“Who should be counted?” the book asks. The answer is all five of them. Frankie, Tomas, Nina, and their grandparents all count on the census.

“We Count!” explains that neither the kids nor their grandparents will get in trouble for those answers; instead, the information is used only to answer big questions about communities — like how many people live in this city? What are their ages and ethnicities?

True answers to the census help everyone understand what people and communities need. If the census shows that a neighborhood has many young children, the local government can plan to open another school, change laws, or build new housing so children, like Frankie, Tomas, and Nina can live without worry.

Since children aren’t able to represent themselves, it’s up to their families to recognize the value of filling out the census form as accurately as possible. The book offers a simple format that helps people understand why this is important.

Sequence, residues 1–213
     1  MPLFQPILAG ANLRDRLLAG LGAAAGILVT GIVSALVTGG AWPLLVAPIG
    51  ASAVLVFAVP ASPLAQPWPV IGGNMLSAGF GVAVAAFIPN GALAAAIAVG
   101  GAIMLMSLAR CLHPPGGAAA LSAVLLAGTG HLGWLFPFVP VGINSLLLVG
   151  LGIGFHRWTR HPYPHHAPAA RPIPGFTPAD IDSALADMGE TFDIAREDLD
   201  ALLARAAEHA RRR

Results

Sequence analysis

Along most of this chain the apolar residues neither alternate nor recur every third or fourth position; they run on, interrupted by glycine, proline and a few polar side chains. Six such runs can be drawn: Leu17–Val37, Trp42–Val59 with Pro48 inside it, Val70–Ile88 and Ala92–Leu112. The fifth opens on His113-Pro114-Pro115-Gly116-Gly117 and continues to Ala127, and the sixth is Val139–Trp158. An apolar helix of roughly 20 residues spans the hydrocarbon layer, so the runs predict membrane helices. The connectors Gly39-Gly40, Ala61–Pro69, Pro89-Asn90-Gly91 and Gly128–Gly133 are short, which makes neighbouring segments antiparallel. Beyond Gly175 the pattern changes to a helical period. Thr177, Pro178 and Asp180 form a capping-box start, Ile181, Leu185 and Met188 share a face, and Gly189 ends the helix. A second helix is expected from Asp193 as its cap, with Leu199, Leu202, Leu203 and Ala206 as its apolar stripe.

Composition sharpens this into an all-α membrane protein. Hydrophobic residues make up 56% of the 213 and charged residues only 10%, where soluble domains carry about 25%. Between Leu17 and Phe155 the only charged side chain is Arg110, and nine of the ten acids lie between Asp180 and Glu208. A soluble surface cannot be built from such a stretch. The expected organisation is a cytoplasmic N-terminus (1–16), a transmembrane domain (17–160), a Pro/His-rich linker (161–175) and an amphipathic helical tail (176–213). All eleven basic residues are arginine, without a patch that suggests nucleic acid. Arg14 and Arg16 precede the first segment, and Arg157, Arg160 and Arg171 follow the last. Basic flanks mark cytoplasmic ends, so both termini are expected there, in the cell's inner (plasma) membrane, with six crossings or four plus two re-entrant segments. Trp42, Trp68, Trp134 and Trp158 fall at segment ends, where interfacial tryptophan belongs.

The City of Pittsburgh and Allegheny County ordered about 3,800 books in different languages, which they will distribute to kids and families for free. But the book is part of a nationwide campaign. So far, 500,000 books have been printed.

Organizations serving hard-to-count communities can order the books at Organizations needing help to purchase the books can request help at the same site by signing up for the “gift registry” option.